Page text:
Ukraine hails President Volodymyr Zelenskiy as challenges mount for ex-comedian


“I want Ukraine to be independent,” Mykola Mykytenko wrote on Instagram, hours before setting herself on fire in central Maidan square in Kiev.

The 49-year-old died on October 14, three days after his extreme protest in the heart of the nation’s capital, where months of massive anti-government protests took place in late 2013 and early 2014.

His daughter Yulia told reporters at a memorial event shortly after his death that he was demonstrating against Ukrainian President Volodymyr Zelenskiy.

Mykytenko, a veteran of the military conflict against Russian-backed separatist forces in eastern Ukraine, which has claimed more than 13,000 lives since it began almost six years ago, was frustrated with his leader’s policies towards Moscow, she said.

“He did this at night because he didn’t want other people to be hurt,” she said. “Plus, he didn’t want anyone to stop him.

Ukrainian President Volodymyr Zelenskiy, who has tested positive for coronavirus, is chairing an online videoconference with government officials earlier this month.Ukrainian Presidential Press Office via AP

Running on an anti-corruption ticket and promising to curb the power of the oligarchs, Zelenskiy, a political novice who played a president in a television series, has vowed to end the conflict in the East with Russia and improve the relations with Moscow before defeating the outgoing president. Petro Poroshenko in April 2019.

But the former comedian’s popularity has waned since taking charge of the country, which stands at the forefront of the West’s stalemate with Russia as he struggled to manage the coronavirus pandemic and revive its struggling economy.

His approval rating was 46% in a national poll conducted by the well-respected think tank Rating Group earlier this month, while 51% said they didn’t trust him. However, it was higher than that of many of its rivals.

Opponents in the country of 42 million people, in which a significant minority of the population uses Russian as their first language especially in cities and the industrialized east of the east, accused it of leaning too close to the West.

Others accused Zelenskiy, hospitalized for Covid-19 earlier this month, of favoring Moscow.

“Winners always lose electoral support during the first year in power in Ukraine,” said Volodymyr Paniotto, director general of the Kyiv International Sociological Institute. He added that people had returned to traditional parties, which had mobilized their resources against Zelenskiy.

This was demonstrated when the pro-Kremlin opposition party for life – co-chaired by Viktor Medvedchuk, a close friend of Russian President Vladimir Putin – made a strong demonstration in local elections last month.

“They sense his inexperience and use it against him,” said Oleksandr Danylyuk, former head of Ukraine’s national security.

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Outrage over an October 28 ruling by Ukraine’s Constitutional Court also dented Zelenskiy’s popularity both at home and abroad.

Eleven of 15 judges have struck down a mandatory property register for civil servants and removed some of the most essential powers of the Key National Agency for the Prevention of Corruption, or NAZK, which has lost the right to verify the accuracy of information in the statements of officials, as well as to carry out inspections in state agencies. Free public access to statements by officials has also been made illegal.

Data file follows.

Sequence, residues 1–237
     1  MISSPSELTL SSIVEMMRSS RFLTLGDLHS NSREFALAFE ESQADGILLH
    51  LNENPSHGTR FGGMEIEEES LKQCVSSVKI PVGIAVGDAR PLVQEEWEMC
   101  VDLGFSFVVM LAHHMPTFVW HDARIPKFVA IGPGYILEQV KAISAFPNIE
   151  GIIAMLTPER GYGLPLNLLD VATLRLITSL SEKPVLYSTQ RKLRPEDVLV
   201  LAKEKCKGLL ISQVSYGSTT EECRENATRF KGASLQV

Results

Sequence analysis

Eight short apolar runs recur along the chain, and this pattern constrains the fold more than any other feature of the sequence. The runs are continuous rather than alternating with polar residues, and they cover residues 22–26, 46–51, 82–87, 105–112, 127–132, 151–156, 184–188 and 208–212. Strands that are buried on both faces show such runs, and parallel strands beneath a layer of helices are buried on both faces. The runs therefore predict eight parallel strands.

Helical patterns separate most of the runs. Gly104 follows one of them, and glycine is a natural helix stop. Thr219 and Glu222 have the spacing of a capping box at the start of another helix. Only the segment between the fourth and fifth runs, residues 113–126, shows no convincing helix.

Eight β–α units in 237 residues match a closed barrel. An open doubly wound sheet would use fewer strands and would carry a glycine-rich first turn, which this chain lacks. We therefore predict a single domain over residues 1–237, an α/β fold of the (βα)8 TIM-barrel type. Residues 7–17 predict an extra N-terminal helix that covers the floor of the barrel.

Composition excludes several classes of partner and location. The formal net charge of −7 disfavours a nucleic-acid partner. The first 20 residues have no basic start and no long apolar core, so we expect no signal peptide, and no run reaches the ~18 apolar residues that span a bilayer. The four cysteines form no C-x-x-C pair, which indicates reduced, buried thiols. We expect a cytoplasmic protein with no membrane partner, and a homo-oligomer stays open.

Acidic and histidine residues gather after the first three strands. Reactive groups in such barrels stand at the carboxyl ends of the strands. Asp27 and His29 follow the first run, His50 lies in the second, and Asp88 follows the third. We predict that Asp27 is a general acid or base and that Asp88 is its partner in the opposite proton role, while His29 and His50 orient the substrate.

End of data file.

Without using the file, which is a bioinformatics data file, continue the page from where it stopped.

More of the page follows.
The ruling also said it was illegal to hold officials criminally responsible for false information in their asset declarations.

Activists claimed the decision was part of a systematic attempt by the court to dismantle anti-corruption institutions and pointed to the fact that the lawsuit was brought by 47 pro-Russian lawmakers, including Medvedchuk.

Questioning the decision a day after the decision, Zelenskiy said Ukraine would lose World Bank support, leaving “a big hole in the budget.”

On the same day, the European Union echoed his request. In a statement, he said the court ruling called into question “a number of international commitments Ukraine has made to its international partners, including the EU”

Zelenskiy responded by introducing a bill overturning the decision, sacking Constitutional Court judges and appointing new ones. But this was rejected by his fellow lawmakers, including several members of his ruling People’s Servant party. Some accused him of a takeover.

Instead, another bill that would restore the rules overturned by the court was submitted. It remains to be debated.

Zelenskiy has also been criticized for his lack of progress with Russia, although he was able to strike a deal for troops to withdraw from key frontline areas in eastern Ukraine in October 2019 and that he obtained prisoner exchanges in September and December 2019.

Hailing it as a success, he told NBC News last month that some of his rivals had claimed the withdrawal would encourage attacks by Russian-backed forces. “Instead, there is a ceasefire going on,” he said.

However, sporadic exchanges of fire continue along the 250-mile front line and the Organization for Security and Co-operation in Europe reports that there have been nearly 14,000 ceasefire violations between July and September 2020. Three civilians were killed, according to the statement.

For some like Dmytro Filimonenko, 25, an IT specialist from Kiev, Zelenskiy is making progress, albeit slowly.

“I voted for Zelenskiy because I expected rapid changes,” he said. “He wants to do this. However, in a year, I understand that one person cannot change everything. “

But for the veterans, some of whom attempted to physically prevent Ukrainian troops from leaving the front line, the withdrawal was seen as an act of surrender.

Mykytenko gave up his life because of this issue.

“He wanted to be heard,” his daughter Yuliya said.


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